The excellent cartoon strip “Keeping up the ACT” (CN March 17) gives some insights into this, identifying various drones cynically deployed by the Chief Minister – “Mick Flicker Minus”, “the Aero-Shane” and “the Steel Parrot”. What have we done to deserve this lot?

Richard Johnston, Kingston

Housing ACT is broken, a review is overdue

OURS and our family’s experiences with bad public housing tenants over many years, tenants who have been violent, abusive, who have dealt drugs, trashed their yards and vandalised publicly funded properties, has been horrendous. 

Complaints to Housing ACT have been met by one huge government brick wall. Nothing has been done to address these issues or respond adequately to complaints by several neighbours, both private and public. Tenancy privacy is no excuse for the destruction of publicly funded property or for ruining a neighbour’s right to quiet enjoyment in their own home.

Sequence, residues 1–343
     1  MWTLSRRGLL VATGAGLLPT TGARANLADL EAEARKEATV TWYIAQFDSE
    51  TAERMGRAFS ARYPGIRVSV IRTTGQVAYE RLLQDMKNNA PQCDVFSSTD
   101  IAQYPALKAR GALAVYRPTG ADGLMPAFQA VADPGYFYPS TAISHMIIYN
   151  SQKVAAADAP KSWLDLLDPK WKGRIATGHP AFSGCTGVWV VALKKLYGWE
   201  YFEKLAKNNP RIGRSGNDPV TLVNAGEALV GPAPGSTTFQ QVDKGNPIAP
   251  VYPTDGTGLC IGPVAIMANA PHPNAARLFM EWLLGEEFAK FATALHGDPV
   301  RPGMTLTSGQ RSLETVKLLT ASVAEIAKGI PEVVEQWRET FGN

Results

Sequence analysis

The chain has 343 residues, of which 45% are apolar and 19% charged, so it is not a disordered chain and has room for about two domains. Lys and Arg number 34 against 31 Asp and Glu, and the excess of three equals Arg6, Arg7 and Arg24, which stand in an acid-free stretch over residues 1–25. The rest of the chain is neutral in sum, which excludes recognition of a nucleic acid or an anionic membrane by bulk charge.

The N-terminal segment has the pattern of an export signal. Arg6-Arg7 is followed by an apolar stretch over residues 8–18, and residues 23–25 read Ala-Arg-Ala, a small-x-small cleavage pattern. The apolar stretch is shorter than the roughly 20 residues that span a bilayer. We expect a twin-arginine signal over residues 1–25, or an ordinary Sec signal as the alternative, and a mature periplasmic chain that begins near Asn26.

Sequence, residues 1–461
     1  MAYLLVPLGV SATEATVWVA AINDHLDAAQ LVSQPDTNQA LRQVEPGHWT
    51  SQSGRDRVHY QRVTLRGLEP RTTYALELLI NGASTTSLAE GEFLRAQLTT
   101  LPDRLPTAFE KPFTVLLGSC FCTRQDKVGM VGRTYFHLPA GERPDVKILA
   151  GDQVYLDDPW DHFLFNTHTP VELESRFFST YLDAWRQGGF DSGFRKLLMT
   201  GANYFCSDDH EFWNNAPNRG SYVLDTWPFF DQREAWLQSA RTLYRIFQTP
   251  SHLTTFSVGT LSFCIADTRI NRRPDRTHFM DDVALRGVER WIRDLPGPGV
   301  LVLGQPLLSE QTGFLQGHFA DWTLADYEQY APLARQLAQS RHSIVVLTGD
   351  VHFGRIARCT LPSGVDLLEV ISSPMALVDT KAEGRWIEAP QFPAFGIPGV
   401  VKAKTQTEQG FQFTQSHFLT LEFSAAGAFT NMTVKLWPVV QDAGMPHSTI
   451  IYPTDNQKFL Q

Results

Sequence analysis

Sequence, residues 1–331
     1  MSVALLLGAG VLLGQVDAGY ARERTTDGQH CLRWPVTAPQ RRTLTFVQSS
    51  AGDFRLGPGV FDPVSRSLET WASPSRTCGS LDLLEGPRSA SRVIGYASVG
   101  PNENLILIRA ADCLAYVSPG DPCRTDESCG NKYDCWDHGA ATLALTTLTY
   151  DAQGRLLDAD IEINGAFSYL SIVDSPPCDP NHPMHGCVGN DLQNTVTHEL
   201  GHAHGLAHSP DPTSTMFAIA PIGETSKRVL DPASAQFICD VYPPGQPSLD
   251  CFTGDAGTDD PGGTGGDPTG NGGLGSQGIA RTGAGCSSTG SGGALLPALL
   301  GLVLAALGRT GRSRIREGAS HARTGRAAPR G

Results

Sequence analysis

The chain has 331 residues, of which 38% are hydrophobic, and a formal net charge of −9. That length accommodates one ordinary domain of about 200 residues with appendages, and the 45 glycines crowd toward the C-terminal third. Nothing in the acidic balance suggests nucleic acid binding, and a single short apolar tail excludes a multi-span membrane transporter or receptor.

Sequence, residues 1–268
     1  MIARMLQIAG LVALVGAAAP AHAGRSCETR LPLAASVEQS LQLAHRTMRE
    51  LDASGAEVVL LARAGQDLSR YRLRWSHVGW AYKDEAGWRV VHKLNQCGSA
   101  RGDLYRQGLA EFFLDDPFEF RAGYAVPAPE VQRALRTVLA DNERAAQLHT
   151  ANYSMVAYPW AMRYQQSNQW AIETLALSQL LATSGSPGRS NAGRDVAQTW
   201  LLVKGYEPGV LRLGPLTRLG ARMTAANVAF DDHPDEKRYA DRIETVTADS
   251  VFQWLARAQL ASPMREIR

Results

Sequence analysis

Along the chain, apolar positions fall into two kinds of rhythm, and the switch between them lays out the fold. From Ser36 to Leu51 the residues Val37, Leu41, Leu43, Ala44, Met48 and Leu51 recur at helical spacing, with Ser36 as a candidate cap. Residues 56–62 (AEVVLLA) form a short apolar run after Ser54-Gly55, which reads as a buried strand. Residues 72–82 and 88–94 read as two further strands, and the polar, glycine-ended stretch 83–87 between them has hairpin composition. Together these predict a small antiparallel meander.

The ACT government has sat back and allowed the deterioration of its housing stock and tenancy management over many years.

As a footnote: The two housing properties next to us are now to be demolished so additional Housing ACT units can take their place. Without any enforcement of a tenant’s “rights and responsibilities”, heaven help us all. Housing ACT is broken and a full review is well overdue.

A Chapple, via

Peeping drones steal our privacy

MURRAY May wrote (Letters, CN March 17) and asked, “Drones: who’s in charge?”.

Yes, CASA regulates aircraft and aircraft noise, but the ACT government has the ability to regulate drones and it is dishonest when it claims that it cannot.

In an October letter to the Australian government on drone regulation, the relevant minister – Tara Cheyne – told the Australian government that the ACT government may be able to regulate the use of land by drone operators, including by regulating “local nuisance and hours of operation”. This could effectively limit Wing’s operations via the Territory Plan 2008.

Also, the Nature Conservation Act 2014 is used to prohibit drone operations in ACT Nature Reserves.

Wing has strategically (sic) placed its Mitchell operations so that to the east, south and west, Wing regularly overflies three nature reserves, all mixed grasslands and forests with high conservation value and abundant birdlife.